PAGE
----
The study, said Brad Harrington, CWF's executive director and a professor at Boston College's Carroll School of Management, found a strong correlation between how much paid paternity leave men receive as an employee benefit and the length of time off they actually took. For instance, among respondents that received two weeks of paid paternity leave, the largest share of those fathers (64 percent) took off exactly two weeks. The same went for those new dads who got one week of paid leave (34 percent, the largest ratio, took one week), as well as those who got four weeks (41 percent of those dads, again the largest group, took off the full four weeks).
The vast majority of respondents — 86 percent — said they wouldn't use paternity leave or parental leave unless they were paid at least 70 percent of their normal salaries. Roughly 45 percent said they wouldn't use it unless they received all of their regular pay.
Much of the explanation for those numbers is likely an economic one, as many of these fathers may be the primary breadwinner in their families. Yet the figures are also telling about the cultural norms around paternity leave in the United States, one of the few developed economies that does not offer some kind of statutory paid leave. Most U.S. fathers are allowed to take 12 weeks of unpaid leave through the Family and Medical Leave Act if they have been in their jobs for 12 months, but paid leave is wholly at the discretion of employers.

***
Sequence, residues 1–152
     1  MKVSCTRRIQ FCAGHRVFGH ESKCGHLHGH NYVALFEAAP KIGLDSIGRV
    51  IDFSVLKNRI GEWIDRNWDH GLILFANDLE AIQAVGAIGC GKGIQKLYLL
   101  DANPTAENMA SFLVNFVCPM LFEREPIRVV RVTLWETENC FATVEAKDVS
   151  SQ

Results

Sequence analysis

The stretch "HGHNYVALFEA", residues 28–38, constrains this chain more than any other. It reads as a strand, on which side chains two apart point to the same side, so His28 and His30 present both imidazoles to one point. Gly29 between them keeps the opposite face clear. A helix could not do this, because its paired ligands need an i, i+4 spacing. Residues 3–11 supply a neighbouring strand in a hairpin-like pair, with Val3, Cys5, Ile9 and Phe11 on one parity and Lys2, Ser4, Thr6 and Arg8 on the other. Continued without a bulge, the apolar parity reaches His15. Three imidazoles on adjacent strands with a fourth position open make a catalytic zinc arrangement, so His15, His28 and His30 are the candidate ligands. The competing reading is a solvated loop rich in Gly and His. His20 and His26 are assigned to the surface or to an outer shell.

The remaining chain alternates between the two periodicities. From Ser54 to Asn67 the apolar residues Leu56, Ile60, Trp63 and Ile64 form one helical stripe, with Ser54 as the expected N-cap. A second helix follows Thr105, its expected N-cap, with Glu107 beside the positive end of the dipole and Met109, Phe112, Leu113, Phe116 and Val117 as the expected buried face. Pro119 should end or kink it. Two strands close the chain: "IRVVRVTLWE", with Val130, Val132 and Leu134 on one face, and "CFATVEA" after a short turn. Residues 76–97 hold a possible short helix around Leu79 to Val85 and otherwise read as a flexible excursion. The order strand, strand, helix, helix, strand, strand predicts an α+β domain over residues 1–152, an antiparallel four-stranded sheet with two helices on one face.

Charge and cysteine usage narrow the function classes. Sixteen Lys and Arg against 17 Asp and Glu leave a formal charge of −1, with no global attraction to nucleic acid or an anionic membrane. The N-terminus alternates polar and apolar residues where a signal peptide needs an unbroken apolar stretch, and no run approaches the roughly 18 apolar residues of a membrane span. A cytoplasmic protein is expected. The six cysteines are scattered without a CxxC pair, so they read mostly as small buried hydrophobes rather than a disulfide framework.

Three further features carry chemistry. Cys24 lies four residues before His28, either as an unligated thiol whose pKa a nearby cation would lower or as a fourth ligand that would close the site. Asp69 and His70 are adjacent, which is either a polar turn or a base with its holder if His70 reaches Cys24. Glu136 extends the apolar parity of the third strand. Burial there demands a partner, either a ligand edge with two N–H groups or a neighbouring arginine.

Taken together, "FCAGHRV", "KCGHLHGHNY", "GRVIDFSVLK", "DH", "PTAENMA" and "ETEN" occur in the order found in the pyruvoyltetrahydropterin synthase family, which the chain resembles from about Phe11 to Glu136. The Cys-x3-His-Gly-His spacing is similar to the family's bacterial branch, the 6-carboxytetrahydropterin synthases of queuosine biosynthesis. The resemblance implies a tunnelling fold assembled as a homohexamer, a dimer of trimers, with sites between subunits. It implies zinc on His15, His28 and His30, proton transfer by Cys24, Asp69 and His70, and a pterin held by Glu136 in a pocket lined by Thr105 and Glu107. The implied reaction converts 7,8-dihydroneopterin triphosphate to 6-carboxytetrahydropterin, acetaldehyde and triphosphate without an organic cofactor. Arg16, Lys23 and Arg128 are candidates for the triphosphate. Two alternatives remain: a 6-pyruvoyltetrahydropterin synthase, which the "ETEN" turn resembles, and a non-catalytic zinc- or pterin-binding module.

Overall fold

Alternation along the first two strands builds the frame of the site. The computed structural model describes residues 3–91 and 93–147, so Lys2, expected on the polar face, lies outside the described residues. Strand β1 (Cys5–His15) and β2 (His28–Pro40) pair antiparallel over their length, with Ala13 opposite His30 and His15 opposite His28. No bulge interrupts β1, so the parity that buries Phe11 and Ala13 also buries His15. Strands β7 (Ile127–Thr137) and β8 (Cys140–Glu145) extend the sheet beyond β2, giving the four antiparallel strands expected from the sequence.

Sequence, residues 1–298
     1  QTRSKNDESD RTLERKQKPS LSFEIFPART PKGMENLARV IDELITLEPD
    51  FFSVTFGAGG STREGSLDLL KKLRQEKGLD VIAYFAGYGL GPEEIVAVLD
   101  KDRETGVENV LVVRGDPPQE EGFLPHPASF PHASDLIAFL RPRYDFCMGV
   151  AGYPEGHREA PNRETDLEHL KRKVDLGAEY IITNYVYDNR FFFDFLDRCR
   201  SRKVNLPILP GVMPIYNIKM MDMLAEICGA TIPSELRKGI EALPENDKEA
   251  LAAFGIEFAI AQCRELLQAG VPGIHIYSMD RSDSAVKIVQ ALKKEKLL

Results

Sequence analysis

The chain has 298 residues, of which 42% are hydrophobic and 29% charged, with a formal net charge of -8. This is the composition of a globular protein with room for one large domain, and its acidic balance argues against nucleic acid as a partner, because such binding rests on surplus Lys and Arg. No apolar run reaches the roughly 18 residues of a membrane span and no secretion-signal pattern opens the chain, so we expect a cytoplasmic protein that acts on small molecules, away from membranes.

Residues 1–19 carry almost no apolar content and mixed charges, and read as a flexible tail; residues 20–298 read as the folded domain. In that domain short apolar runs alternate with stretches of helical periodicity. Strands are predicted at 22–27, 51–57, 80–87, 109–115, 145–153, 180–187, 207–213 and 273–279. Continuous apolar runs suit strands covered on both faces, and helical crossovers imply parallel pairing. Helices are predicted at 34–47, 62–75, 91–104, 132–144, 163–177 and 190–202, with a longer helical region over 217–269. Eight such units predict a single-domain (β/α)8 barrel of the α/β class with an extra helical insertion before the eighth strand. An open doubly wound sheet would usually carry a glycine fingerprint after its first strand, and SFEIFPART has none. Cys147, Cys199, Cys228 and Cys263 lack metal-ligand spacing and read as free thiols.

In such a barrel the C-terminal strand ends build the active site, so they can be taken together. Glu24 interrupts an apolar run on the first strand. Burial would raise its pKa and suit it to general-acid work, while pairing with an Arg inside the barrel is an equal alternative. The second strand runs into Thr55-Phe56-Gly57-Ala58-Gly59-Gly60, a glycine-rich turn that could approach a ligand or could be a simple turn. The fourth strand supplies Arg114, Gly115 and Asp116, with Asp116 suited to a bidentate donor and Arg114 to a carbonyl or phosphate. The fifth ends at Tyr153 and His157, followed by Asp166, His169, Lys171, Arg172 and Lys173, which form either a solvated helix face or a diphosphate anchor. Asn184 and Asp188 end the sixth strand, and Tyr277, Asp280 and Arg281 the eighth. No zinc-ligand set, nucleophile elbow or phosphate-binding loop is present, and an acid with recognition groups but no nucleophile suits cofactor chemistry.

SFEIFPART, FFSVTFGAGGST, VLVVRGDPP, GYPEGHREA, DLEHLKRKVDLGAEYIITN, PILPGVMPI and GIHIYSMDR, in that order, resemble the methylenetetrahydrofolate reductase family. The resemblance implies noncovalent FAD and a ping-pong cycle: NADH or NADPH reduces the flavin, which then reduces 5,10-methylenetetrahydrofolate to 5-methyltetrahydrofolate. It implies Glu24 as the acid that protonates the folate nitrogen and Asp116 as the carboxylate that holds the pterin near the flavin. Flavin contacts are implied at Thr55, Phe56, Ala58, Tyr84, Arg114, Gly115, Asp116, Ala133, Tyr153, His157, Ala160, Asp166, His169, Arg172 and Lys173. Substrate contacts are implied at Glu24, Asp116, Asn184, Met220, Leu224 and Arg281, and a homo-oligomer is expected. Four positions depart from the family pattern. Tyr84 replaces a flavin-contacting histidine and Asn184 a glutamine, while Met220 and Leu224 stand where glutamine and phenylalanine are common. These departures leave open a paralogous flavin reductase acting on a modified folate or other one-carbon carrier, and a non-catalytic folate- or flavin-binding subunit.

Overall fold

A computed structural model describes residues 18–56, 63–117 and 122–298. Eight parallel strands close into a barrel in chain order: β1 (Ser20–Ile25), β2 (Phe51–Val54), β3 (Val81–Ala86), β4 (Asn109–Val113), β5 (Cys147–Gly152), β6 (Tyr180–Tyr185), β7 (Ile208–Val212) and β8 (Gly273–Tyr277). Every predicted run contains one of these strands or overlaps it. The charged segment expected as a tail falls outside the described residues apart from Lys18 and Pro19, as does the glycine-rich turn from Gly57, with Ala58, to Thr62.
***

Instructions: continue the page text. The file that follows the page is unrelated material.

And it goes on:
While some companies, particularly in Silicon Valley, are starting to offer generous benefits fathers can use — Facebook offers new dads four months of paid leave, while Yahoo offers eight weeks — just 14 percent of U.S. employers offer paid leave for new dads at all, according to a recent study by the Families and Work Institute.
The new CWF research, meanwhile, surveyed 1,029 fathers who work at 286 organizations. Harrington cautioned that 58 percent of the respondents came from nine companies that are part of CWF's member network, which he said means they tend to have a more progressive approach to employee benefits than other firms do. They also employ highly educated salaried professionals who may be more apt to use the benefit.
Yet even given the demographics of these fathers, who appear to be in a better position to take time off, the majority (64 percent) still only took between one and two weeks off after the birth of a child. They also still cited barriers, such as workplace stigmas against men who take paternity leave. "There is still the expectation in many minds that taking more than a week would not be appropriate," Harrington said.